To further explore reliability of our measurements, in 2009 and 2010 we collected water samples for lab analysis coincident with times when the probes were sampling the water. First, we analyzed spectrophotometric pH to determine the consistency of our measures, following the general methods of [47]. Sampling occurred opportunistically throughout each field season (n = 13 in 2009, 76 in 2010), when the sampling site was both accessible and connected to the ocean, and represented a range of points in the season (April–August), times of day (0500–2000 h PDT), and tidal current conditions (ebbing/flowing). Samples were collected with a hand-operated 750 ml Van Dorn bottle triggered next to the probes (1–2 m depth), decanted into 10 ml vials which were sealed without air bubbles, stored in a cooler until return from the field (4–120 hr) and incubated for 30 min in a 25°C water bath. A 3 ml subsample was analyzed on a Bausch & Lomb Spectronics 20 spectrophometer with a 1 cm cell width at wavelengths of 434, 578 and 730 nm, before and after additions of one and two 0.2 ml units of 2 µmol/l c-Cresol Purple (Spectrum Chemicals) indicator dye. We followed the formulas in [47] to calculate pH on the total scale. To check the accuracy of our spectrophotometric measurements, we repeated analyses with a subset of samples, and also analyzed pH from a Tris-buffered synthetic seawater standard obtained from the Carbon Dioxide Quality Control Lab at Scripps Institute of Oceanography (Batch #2, pHtotal = 8.0928 mol/kg, Salinity = 35 at 25°C). We used linear regression to test for deviations in a relationship of the form pH2 = pH1, where pHx represent the x-th measurement of each sample. We also used linear regression to test the strength of correspondence between our spectrophotometric and electrochemical pH measures. To check for possible effects of microbial activity on measured pH, we tested for trends in differences in spectrophotometric- and probe-based measures of pH with time since collection, and found none. We also compared pH measurements of an unfiltered versus a filtered subsample (GF/F glass fiber filter paper) from the same cast on 5 different occasions and found no differences. Second, we collected 500 ml water samples (20 in 2009, 16 in 2010), added 120 µl of HgCl to arrest biological activity, and shipped the samples for analysis of salinity, total alkalinity, and pCO2 at the Carbon Dioxide Quality Control (CDQC) Laboratory at the Scripps Institute of Oceanography, following the methods of [47]. We regressed our pH probe measurement against the CDQC pCO2 measurement to determine the extent to which DIC was associated with variability in pH. We also used the CO2SYS program for Microsoft Excel [48] to calculate expected pH on the total scale at 25°C from pCO2, total alkalinity, salinity, and monthly estimates of nutrient concentrations and compared these predictions to those generated by the our estimates of spectrophotometric pH and the pH probe using linear regression testing the hypothesis observed = predicted (pHtotal,25). We converted our electrochemical measurements (calibrated with NIST standards) to the pH total scale to make all pH measurements comparable. To do this, we calculated estimates of both pHtotal and pHNIST from our DIC/TA data with the CO2SYS program, generated the relationship between these estimates with linear regression (pHtotal = −0.128+0.999*pHNIST, r = 1.000), and used this relationship to convert all our electrochemical pH measurements to the total scale.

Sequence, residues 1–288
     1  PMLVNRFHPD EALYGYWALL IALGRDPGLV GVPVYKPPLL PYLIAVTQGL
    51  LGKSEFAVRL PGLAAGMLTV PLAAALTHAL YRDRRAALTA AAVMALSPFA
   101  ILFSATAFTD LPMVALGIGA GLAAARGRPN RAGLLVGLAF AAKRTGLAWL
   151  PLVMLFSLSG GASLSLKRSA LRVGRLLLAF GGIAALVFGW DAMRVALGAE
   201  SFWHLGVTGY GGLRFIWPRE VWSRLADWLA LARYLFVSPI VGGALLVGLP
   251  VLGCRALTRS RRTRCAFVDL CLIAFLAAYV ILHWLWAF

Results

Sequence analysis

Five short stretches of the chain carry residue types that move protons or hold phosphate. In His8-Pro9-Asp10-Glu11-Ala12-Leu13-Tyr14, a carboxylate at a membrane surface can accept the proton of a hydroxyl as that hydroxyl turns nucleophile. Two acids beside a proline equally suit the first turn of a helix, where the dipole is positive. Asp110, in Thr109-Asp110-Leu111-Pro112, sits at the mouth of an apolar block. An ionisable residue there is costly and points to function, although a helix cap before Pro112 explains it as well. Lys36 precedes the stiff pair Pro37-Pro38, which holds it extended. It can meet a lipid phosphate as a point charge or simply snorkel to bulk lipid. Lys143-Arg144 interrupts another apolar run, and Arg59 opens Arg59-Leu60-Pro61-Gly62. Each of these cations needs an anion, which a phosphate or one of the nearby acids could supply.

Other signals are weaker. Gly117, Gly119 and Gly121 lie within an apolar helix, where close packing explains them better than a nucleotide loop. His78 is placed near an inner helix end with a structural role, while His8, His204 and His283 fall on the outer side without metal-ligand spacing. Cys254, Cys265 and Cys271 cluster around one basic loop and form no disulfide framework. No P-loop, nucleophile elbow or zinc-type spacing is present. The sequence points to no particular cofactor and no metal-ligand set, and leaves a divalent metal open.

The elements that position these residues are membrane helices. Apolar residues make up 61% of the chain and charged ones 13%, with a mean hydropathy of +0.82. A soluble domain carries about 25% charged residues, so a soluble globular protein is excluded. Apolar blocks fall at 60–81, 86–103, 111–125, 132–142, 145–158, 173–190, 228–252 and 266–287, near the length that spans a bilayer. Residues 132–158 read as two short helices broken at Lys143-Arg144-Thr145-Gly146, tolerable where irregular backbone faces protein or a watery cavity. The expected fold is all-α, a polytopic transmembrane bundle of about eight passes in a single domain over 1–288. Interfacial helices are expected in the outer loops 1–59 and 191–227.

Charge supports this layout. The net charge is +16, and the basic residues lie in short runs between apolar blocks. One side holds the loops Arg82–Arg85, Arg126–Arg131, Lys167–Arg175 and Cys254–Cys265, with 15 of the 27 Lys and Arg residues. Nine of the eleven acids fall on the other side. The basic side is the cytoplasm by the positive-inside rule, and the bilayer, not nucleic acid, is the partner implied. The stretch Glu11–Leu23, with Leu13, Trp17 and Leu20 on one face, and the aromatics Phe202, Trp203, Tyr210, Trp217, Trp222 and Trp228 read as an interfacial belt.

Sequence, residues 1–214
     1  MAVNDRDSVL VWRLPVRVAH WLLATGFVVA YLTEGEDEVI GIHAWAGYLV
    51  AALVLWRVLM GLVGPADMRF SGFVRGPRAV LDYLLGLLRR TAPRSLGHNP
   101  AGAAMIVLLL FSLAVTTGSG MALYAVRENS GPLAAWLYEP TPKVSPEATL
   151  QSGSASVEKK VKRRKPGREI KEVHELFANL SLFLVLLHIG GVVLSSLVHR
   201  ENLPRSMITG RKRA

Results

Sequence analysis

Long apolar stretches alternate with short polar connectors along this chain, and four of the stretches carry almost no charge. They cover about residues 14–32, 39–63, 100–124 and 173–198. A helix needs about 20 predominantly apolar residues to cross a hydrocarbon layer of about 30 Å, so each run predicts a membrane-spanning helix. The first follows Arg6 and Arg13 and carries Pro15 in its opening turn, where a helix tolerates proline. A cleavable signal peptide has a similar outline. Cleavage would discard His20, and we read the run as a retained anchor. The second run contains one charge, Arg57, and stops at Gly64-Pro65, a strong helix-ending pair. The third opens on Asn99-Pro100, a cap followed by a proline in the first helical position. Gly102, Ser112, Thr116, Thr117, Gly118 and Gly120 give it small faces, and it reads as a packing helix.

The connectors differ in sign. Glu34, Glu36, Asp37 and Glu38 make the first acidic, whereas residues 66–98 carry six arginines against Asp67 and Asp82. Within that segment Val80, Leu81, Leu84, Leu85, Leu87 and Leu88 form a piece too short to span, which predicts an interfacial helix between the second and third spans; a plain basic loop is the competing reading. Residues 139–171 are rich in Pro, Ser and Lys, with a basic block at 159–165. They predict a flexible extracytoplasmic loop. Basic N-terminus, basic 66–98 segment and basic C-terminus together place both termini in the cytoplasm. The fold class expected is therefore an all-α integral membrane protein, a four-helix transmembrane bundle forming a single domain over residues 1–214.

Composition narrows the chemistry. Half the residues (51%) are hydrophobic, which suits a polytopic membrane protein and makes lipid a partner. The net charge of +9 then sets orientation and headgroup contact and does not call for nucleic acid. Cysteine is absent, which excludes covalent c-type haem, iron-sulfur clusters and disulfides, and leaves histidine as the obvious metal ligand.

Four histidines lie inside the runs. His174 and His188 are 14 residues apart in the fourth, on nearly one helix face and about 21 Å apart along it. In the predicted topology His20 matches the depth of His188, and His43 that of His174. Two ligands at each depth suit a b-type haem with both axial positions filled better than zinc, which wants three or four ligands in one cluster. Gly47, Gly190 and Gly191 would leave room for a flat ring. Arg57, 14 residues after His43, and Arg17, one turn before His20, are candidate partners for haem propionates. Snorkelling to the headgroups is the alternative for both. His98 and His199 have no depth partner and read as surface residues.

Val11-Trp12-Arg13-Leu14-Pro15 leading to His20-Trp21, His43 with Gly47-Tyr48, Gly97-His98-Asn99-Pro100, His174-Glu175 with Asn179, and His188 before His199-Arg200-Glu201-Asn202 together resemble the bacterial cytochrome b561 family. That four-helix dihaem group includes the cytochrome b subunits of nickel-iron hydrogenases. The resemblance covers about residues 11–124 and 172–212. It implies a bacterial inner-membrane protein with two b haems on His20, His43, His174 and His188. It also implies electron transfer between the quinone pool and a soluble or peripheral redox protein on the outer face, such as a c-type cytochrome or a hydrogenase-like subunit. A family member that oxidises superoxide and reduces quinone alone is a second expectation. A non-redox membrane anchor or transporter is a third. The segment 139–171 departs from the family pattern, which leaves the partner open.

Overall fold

Broad-Scale Water Sampling

The pH trends we observed at our focal sampling site [2] might only reflect very localized changes. We used three sources of data to extend our spatial inferences to a broader scale. First, we carried out several offshore transects to probe for systematic changes in pH with distance from shore. We strapped a Hydrolab Minisonde with pH, DO, temperature, and salinity to the side of a Zodiac boat, so that it was deployed 0.5 m below the surface, and sampled 6 transects radiating in all directions from Tatoosh Island. Data were taken every 10 seconds, travelling at a speed of approximately 8 km/hr, sample locations were recorded with GPS, and water depth was estimated with a sonar depth meter. Transects spanned 0.5–1.1 km in length, and water depths ranging from 2 to 70 m. We also recorded data for 2.25 hr over a longer, more circuitous transect 11 km in length, that extended over the Juan de Fuca Trench (up to 210 m depth and 3.4 km from Tatoosh). Overall, this sampling spanned 8 km2 in area. Second, during three dates in 2010 (26 June, 22 July and 26 August) we sampled water offshore aboard the UNOLS vessel R/V Clifford Barnes at four stations along an 85 km transect in the western Strait of Juan de Fuca for pH using a SeaBird SBE-18 sensor calibrated with NIST standards. Third, we analyzed temporal trends from the surface waters (≤2 m) of the inner Strait of Juan de Fuca taken periodically by the Washington Department of Ecology ( using a SeaBird SBE-18 sensor lowered from a float plane. We analyzed the open-water sampling stations in the data set that were sampled for pH over a span of at least 10 years. These were located 105–185 km from Tatoosh over water: Admiralty Inlet, Admiralty Inlet North, Lopez Sound, Strait of Georgia, and Strait of Juan de Fuca near Port Angeles.